Tire balancing and alignment are very important not only for the car’s longevity and proper function but also for the rider’s safety. When it comes to regular checkups of your car, you might wonder, “Should I balance my tires before an alignment?’
It is not mandatory to balance your tires every time you go for an alignment. These two processes mostly work on the wheels but serve different functions.
So, depending on the condition of your car, you might or might not want to balance your tires before an alignment. Let’s find out which is best for what conditions and whether you should get both or not.
Identifying The Primary Distinction Between The Two
Balancing makes sure that the weight is evenly distributed along the whole rim of the tire. This means that when the tire spins, the tire experiences equal weight at all times.
On the other hand, alignment means getting both of the tires on an angled setting, which means that the angle of the wheels is set up relative to each other. This concerns the angle between the upper and lower ball joints, as well as the tire and axle.
Understanding Alignment And Its Use
It is necessary to understand that alignment does not mean having the wheels perfectly straight. There are different measures for the three types of angles of the car wheels. These are,
- Caster Angle
- Camber Angle
- Toe Angle
Camber angles are responsible for the cornering performance of a car. These angles can be both positive and negative. A negative camber angle means better cornering performance for a car.
The reason is that while cornering, the car’s outer wheels experience more frictional force than the inner wheels. It is because the outer wheels have more normal force on them. Thus, the wheels on the outer side face a temporary deformity, reducing the surface area.
So, when a negative camber angle is used, the surface area of the outer wheel increases while cornering. It means that there will be more control while cornering.
A caster angle is provided in each car to make the patch area fall behind the pivot point of the wheel. A patch area is simply where the wheel touches the ground, and the pivot point is the straight line from the caster point.
When a positive caster angle is provided to a car, it increases the straight-line stability and functions as a mechanism to return the steering wheel to its original position.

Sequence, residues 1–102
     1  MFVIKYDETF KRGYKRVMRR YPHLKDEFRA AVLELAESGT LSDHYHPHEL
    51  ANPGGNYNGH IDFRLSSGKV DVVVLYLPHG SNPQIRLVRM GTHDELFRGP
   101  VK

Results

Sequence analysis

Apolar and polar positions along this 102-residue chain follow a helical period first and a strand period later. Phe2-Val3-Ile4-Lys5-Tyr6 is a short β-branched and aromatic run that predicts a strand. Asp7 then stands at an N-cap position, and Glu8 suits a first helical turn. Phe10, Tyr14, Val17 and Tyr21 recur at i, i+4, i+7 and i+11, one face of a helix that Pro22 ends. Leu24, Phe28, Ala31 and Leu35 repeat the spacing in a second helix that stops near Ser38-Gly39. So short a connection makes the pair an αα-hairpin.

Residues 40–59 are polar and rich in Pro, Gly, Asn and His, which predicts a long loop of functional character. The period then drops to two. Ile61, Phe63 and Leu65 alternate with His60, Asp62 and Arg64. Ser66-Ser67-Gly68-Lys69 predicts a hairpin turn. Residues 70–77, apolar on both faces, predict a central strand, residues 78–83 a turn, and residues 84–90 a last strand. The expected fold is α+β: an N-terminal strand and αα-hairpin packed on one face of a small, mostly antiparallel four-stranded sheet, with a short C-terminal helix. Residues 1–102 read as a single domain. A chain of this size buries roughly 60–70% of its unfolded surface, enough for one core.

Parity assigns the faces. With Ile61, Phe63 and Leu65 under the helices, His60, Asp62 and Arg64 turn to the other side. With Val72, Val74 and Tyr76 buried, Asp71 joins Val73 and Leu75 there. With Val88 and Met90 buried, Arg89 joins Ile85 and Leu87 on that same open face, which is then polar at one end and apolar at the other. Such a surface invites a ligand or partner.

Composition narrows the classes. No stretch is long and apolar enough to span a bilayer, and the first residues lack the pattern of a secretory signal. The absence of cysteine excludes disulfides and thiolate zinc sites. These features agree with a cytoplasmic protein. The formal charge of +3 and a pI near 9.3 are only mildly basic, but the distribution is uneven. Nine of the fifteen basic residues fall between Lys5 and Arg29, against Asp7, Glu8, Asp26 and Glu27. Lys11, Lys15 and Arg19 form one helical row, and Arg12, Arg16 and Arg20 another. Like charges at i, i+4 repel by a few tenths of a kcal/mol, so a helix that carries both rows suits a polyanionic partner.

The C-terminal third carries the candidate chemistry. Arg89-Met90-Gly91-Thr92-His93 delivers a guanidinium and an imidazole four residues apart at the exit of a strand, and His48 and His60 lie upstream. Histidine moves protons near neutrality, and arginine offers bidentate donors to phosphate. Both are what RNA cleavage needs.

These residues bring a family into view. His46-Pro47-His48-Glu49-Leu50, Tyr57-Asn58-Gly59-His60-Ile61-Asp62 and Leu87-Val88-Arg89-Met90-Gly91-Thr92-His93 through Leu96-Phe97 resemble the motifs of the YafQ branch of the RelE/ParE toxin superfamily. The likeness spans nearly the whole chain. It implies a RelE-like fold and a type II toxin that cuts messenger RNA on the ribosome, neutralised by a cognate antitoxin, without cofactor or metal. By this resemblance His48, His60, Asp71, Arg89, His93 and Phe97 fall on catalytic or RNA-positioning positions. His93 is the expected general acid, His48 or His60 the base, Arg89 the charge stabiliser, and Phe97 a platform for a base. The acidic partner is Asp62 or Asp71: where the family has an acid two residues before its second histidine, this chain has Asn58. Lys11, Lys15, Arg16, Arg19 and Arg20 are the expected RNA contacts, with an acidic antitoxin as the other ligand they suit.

A positive caster angle lets the wheel create torque on the wheel when it is not in a straight line. When you let go of the wheel, that is when the torque can bring the wheels back to their straight positions. This torque is what makes the steering wheel rotate back to its initial position.
Caster angles on modern-day cars are not adjustable. They are fixed by the manufacturers. However, if in any way the caster angle is compromised, then your expert should be able to bring it back to its original fixed angle.
Toe angles make all the difference in steering response. In modern passenger cars, the toe angle is adjusted to reduce the steering response as necessary.
The reason is that, even though higher outward toe angles provide greater maneuverability, they also mean that it will respond more quickly to all unintentional steering input. Too much steering response is a safety issue.
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What Does Alignment Offer?
Good alignment of wheels offers many advantages and saves money in the long run. Here are a few noteworthy ones,
- A pair of well-aligned wheels means there is less pressure on the suspension parts, thus increasing their longevity.
- If the tires are aligned, then the tires will not face severe wear.
- Cars with well-aligned wheels offer a better riding experience and more control.
Perfect alignment also provides three major performance benefits. These are
- Better Cornering
- Better straight-line stability
- Safer maneuverability
Symptoms That Your Car’s Tires Need To Be Aligned
Now that you know when to balance your tires, let’s move on to the conditions when alignment is necessary.
- If you experience that your car moves considerably sharper on one side than the other, it means the tires are not aligned.
- If the tires on one side are experiencing more wear than the other side, It is because unaligned tires experience more weight on them, causing more friction and wear.
- If your normal steering measurements don’t feel the same on both sides, then it could be that your tires are not aligned.